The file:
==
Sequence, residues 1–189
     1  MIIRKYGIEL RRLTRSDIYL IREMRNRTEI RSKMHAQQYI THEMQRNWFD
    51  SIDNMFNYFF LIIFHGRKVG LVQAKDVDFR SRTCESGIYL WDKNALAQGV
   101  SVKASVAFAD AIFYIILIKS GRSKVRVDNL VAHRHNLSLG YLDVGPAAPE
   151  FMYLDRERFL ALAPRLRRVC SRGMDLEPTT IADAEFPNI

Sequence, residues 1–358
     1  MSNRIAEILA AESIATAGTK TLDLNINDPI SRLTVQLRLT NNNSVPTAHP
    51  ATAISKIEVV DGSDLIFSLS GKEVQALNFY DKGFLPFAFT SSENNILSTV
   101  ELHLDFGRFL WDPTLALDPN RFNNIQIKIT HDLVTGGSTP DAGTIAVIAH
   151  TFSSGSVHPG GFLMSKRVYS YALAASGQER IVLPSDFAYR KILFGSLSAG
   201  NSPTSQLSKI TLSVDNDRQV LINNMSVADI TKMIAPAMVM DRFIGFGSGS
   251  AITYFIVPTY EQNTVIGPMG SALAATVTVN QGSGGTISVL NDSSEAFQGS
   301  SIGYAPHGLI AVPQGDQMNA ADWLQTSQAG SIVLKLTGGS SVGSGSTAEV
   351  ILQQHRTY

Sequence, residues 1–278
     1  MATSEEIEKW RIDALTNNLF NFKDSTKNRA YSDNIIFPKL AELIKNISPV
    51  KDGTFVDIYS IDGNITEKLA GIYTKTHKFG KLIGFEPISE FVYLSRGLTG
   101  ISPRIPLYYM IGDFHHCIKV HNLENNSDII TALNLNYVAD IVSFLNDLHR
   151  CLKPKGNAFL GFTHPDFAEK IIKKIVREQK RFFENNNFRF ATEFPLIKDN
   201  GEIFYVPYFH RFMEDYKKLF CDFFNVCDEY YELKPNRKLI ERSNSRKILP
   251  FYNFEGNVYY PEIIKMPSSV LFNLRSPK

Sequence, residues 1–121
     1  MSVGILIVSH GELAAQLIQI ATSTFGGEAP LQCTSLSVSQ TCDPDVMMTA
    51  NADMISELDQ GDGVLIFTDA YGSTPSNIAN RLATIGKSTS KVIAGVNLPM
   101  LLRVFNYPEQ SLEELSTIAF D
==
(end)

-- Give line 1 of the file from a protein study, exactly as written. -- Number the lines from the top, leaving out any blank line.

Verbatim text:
Sequence, residues 1–189